Stem cells: time to put some money down?

So now that the Obama administration looks set to change the Bush administration's restrictions on stem cell research, is it time to invest in the area? Only with money you can absolutely afford to lose, in my opinion.

There are several reasons for this. For one thing, the administration hasn't acted yet, and a few people who expected immediate action are starting to wonder if that means something unpleasant. But even when the rules change, the effect on the stocks of publicly traded companies is probably going to be mostly psychological. That's because the Bush rules applied only to government funding, a fact that all too many people forget. Private industry has been free to plow right ahead as it sees fit, and it has. Companies like Geron have been working on embryonic stem cells the whole time, with no NIH money involved.

Another thing to remember is that several of the companies in this area work on adult-derived stem cells, rather than embryonic ones. StemCells, Inc. is one such - their stock moves around according to sentiment in this sector, but you have to wonder if many of the people trading it even realize how meaningless the embryonic stem cell restrictions are for the company. (They used to be called CytoTherapeutics, actually, but changed their name in 2000, presumably to take advantage of the publicity).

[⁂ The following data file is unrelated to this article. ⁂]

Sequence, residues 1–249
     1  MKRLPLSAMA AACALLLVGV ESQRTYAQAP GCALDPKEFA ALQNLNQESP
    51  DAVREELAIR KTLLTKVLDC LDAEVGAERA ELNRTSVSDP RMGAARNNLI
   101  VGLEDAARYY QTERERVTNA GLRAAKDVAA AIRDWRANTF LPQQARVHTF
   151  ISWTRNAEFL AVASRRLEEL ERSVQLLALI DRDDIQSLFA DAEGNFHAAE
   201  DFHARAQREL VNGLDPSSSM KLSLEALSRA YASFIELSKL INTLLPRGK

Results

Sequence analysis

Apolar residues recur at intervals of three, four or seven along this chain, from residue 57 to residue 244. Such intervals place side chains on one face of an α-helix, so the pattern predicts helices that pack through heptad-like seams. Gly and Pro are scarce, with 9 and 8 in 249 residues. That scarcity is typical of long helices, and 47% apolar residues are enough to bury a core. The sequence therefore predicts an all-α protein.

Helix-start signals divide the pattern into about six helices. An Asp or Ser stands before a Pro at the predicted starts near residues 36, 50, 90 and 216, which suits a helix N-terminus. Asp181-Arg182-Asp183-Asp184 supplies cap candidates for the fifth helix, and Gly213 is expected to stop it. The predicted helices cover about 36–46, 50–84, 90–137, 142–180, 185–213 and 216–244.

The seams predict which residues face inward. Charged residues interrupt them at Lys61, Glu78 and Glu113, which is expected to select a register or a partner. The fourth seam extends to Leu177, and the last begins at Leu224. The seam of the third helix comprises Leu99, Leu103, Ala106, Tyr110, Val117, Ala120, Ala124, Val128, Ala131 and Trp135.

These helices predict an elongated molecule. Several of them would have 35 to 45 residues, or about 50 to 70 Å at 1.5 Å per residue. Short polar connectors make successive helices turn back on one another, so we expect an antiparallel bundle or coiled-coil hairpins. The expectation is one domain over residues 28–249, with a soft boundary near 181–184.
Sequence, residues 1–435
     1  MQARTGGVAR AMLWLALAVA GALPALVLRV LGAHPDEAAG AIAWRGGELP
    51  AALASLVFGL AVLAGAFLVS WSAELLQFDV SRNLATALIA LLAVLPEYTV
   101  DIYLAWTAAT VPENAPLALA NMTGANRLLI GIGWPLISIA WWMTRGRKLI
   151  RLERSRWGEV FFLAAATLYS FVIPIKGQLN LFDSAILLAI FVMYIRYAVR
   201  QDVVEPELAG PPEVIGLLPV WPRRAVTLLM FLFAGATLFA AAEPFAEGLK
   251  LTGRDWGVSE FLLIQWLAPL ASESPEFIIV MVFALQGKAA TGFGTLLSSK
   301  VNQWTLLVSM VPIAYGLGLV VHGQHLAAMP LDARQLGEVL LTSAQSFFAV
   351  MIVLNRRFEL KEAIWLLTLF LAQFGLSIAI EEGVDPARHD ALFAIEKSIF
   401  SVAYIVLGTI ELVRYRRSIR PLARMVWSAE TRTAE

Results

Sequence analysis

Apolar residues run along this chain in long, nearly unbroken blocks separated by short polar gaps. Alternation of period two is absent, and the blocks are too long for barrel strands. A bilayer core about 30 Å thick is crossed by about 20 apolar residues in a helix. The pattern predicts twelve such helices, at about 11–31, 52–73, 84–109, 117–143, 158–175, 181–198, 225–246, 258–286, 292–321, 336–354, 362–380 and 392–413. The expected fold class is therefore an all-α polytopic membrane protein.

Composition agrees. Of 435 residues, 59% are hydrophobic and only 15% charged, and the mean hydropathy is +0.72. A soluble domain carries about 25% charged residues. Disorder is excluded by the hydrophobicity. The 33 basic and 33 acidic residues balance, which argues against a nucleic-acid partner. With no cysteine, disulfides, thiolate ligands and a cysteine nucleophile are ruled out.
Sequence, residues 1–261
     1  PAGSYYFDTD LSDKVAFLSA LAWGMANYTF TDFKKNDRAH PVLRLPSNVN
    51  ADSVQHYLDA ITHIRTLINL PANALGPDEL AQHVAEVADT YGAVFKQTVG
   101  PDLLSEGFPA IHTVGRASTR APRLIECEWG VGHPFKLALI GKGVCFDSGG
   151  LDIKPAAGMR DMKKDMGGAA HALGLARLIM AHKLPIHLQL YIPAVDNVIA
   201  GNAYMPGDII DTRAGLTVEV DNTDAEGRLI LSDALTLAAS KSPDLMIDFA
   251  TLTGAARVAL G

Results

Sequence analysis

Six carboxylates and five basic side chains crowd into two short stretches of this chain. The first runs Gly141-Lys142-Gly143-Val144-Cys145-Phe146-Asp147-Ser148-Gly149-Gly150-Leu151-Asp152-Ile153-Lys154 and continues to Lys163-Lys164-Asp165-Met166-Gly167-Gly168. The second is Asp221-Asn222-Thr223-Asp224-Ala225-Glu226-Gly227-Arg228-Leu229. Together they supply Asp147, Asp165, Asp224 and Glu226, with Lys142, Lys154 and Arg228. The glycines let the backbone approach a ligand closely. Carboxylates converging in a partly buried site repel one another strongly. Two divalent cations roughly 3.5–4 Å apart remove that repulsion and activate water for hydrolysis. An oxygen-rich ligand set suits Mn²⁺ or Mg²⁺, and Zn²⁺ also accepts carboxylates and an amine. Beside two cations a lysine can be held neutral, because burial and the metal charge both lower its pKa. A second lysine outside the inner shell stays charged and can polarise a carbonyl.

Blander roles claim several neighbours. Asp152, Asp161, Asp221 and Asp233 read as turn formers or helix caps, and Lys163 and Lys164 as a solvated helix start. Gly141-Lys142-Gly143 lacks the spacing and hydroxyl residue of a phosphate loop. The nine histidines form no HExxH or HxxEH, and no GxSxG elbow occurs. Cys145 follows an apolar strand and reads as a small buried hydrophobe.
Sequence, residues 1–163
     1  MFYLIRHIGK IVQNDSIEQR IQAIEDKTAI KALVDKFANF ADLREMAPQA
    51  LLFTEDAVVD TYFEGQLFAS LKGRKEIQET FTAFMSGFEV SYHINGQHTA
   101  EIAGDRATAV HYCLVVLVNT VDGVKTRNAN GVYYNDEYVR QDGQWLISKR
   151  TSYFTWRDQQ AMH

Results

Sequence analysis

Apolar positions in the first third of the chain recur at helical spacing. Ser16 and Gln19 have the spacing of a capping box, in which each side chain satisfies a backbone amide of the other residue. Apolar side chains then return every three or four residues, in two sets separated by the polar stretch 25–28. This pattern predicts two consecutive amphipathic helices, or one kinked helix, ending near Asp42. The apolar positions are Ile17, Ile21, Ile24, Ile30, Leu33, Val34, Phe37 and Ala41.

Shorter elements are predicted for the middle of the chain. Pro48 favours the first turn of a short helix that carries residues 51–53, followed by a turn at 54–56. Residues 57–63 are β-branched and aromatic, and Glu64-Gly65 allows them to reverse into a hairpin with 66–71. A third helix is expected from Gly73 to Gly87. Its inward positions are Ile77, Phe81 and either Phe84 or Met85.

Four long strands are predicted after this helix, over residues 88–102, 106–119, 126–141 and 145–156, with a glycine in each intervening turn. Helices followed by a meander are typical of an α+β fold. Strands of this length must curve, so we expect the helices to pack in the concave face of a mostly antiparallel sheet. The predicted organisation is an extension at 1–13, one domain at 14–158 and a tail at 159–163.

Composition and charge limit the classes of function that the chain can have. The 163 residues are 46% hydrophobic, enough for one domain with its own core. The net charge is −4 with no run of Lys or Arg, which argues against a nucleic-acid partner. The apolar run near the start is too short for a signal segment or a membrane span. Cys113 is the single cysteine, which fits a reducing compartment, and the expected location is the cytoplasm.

And finally, there's a really big reason that it might be a bit early to put anything other than your wild-eyed longshot funds into this area: we don't know much about it at all. The signals that regulate stem cell development are only just beginning to be worked out, and we're probably going to have to know a lot more about such things before we can have a reasonable shot at therapies. The recent case of apparent tumor generation from a Russian stem cell therapy attempt (which operation had already shown no benefit, I should add) is one sobering reminder of how ignorant we are in this area. Tissue development is hideously complicated stuff, and the potential for things to go wrong is equally, well, hideous. Primum non nocere applies here good and hard; we're going to have to move carefully to avoid causing all kinds of harm.

That's not welcome news to the patients who need help, or the investors looking for breakthroughs. (And I won't even mention the politicians who like to talk as if those breakthroughs are just about to emerge). But this is the real situation. It looks to be many years before any reliable, useful stem-cell-based therapy appears, and there are going to be a lot of painful episodes along the way. Count on that, and invest carefully.